Home & Design

Judy and Stuart Sebring's Z-shaped home was designed for easy circulation between indoors and out.

Labor of Love

Labor of Love
Nestled on four wooded acres, Judy and Stuart Sebring’s new custom home evokes a lodge out West with its stone walls, hand-forged ironwork and rough-hewn beams. Though it would appear right at home in Colorado, this property was built in an established neighborhood in Potomac, Maryland, carefully crafted inside and out with natural and eco-friendly materials. Warm and welcoming, the home suits the Sebrings’ relaxed aesthetic and lifestyle, whether they are sharing dinner for two or hosting a charity event for 200. Despite the home’s rustic shell, chic upscale furnishings and personalized amenities abound, from the dedicated “dog room” with a walk-in shower for their five pets to an indoor spa with a glass wall that can be opened wide to the pool terrace in warm weather.

The Sebrings were living in Bethesda when they decided to purchase the Potomac property from Stuart’s stepfather. “We’d be hard-pressed to find a property this size anywhere in Bethesda,” says Judy. Not only would there be plenty of space for their dogs, but a larger residence would also enable her to take in her aging parents should the need arise. “I was adopted,” says Judy. “I can’t see putting my parents somewhere after they took me in. And I have three kids, two of whom are grown and don’t live in the area. I want them to know when they visit, eventually with their children, they will always have a place to come home to.”
The Sebrings briefly considered renovating the existing house. “But it didn’t make sense to take a house that was 35 years old and re-do it and have something new attached to it,” says Judy. So they donated the structure to the local fire department to be razed as a training exercise. Only the original swimming pool was left intact.
Rather than create “showcase” living and dining rooms they would seldom use, the homeowners sought less formal spaces. “I wanted it to be casual so you didn’t have to be afraid to use anything,” Judy says. “The whole house was designed to be organized and to give us ease of maintenance and longevity—we didn’t want it to be out of style in a year.”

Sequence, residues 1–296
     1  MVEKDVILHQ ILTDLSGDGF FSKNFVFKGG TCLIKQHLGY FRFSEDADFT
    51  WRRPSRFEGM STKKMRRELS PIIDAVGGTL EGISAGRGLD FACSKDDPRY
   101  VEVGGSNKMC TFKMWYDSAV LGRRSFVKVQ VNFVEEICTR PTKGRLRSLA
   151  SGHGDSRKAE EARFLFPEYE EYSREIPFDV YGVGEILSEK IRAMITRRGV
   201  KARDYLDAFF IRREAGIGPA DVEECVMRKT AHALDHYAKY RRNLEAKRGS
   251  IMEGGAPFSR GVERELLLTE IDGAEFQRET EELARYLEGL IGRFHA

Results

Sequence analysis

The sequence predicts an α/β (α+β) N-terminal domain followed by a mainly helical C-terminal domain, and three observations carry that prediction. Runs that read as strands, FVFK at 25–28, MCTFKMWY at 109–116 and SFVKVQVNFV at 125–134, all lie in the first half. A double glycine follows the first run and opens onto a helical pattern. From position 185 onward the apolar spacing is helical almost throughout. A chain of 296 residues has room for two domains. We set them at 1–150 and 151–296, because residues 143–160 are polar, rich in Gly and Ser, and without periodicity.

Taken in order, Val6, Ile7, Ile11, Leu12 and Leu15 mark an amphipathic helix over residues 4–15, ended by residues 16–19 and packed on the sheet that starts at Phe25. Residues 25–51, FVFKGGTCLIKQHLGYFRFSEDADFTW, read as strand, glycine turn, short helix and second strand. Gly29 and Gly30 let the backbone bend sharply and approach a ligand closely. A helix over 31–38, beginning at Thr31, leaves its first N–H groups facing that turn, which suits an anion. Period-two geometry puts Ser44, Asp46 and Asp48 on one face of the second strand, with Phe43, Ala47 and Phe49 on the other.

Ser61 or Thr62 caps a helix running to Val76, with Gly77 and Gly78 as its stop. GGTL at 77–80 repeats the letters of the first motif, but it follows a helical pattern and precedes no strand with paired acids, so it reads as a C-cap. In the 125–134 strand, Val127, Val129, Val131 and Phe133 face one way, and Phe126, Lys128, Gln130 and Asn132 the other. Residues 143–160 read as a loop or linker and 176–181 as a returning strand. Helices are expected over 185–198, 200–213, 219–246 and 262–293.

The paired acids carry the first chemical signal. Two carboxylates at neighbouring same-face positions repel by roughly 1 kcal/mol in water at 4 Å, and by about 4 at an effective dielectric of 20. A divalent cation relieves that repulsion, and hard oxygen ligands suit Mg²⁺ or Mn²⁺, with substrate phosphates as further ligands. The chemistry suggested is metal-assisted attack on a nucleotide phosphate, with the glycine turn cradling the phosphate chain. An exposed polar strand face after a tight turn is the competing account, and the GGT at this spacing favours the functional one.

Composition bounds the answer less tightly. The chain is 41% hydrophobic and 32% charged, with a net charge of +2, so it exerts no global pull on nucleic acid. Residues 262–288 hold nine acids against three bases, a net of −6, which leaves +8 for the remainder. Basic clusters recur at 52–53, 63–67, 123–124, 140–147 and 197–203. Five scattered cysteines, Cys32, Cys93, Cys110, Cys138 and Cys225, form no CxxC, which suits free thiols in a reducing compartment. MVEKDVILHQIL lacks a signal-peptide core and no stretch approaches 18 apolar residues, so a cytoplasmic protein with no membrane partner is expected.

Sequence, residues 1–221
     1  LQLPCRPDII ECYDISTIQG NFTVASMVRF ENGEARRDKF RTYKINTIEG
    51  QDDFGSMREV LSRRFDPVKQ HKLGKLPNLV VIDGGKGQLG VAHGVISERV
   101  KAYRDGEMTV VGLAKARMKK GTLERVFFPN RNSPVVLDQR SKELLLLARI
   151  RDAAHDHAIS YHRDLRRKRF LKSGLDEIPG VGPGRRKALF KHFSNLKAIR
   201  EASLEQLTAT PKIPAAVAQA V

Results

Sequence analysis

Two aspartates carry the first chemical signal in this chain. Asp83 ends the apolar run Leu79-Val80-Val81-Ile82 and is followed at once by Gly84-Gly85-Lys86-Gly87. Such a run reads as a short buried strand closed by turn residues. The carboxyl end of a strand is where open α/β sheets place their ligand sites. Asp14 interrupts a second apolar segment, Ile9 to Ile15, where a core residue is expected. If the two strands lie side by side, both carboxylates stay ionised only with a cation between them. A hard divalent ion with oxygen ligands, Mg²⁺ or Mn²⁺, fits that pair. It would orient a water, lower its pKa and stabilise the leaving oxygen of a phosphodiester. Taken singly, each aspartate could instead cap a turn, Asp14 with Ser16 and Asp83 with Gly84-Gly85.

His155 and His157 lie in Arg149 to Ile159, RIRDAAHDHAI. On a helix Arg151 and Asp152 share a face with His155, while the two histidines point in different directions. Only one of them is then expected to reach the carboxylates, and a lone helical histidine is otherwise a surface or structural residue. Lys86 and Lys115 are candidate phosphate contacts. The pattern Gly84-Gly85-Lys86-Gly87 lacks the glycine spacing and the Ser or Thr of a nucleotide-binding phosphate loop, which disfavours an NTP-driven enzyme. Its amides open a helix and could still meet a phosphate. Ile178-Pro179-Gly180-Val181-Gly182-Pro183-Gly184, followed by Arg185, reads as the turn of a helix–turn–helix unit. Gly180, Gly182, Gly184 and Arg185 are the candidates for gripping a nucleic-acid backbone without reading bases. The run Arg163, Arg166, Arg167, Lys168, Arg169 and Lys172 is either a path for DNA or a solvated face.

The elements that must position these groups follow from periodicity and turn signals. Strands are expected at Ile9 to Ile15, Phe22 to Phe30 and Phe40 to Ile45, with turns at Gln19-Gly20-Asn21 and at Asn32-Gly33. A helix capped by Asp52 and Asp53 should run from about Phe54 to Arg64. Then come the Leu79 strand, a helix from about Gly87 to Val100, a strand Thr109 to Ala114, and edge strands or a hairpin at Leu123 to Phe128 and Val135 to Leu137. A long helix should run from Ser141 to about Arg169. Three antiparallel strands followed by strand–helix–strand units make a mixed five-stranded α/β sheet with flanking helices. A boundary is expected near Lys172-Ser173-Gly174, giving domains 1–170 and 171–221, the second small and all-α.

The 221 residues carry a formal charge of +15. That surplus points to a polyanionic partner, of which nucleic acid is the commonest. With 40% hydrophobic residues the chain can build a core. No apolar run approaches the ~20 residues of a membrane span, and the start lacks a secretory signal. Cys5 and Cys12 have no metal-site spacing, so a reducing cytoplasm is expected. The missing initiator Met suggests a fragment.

The Sebrings approached architect Neal Hodgson and interior designer Sharon Kleinman to help make their new home a reality. Hodgson designed a Z-shaped structure that “hugs” the land and pool. Since the property slopes down away from the street, he maintained a one-and-a-half-story elevation to minimize the front of the home, while creating a more dramatic, three-story elevation in the back. Gables and arches repeated along the roofline make the home’s 11,000-square-foot mass seem “less monumental,” says Hodgson. Balconies, patios, and porches establish a strong connection to the surrounding landscape. “There’s an ‘organic-ness’ to this kind of architecture with stone, timbers and cedar siding joining the outside and inside,” Hodgson explains. “It’s not just a house plunked down on the ground. It looks like it’s been there a long time.”
The team made a conscious effort to build green, using Icynene insulation, high-efficiency windows and a reflective Peterson aluminum roof that reduces heat gain. And whenever possible, materials were acquired locally—from the stone to the reclaimed black walnut floors found on the Eastern Shore.
Designer Sharon Kleinman approached the interiors with an eye toward reinforcing the home’s material palette—but dressing it up a bit. She had been saving a Donghia botanical fabric for just the right client—it became the inspiration for the Sebrings’ color palette. “I started to get the sense that I wanted this house to be very organic-looking. The idea was to bring different green tones and browns and lots of texture into it,” she says.
“When we first started, Judy had the idea that this was going to be more of an Aspen-style house,” the designer recalls. “But instead of following that décor-wise, we ended up moving toward a more modern, upscale look. I love the way that the frame of the house is very rustic but there’s an elegance to the furnishings.”
Throughout design and construction,  Judy Sebring, Hodgson and Kleinman collaborated on every decision. This open dialog, says Hodgson, was vital to the success of a home with such a high degree of craftsmanship. “Everyone’s opinions are important in the process,” he says. “It was a meeting of the minds.”
Judy Sebring, who acted as general contractor on the project, spent every day on site during construction. One of the finishing touches, an outdoor seating area she had carved out under her cherry trees in the shape of a heart, speaks volumes about the time and energy she poured into the home. “It’s the last thing that went in,” she recalls. “It symbolized how much love went into this house.”

Photographer Gwin Hunt is based in Annapolis, Maryland.ARCHITECTURE: Neal Hodgson, AIA, Neal Hodgson Architect, Washington, DC. INTERIOR DESIGN: Sharon Kleinman, Transitions, Potomac, Maryland.


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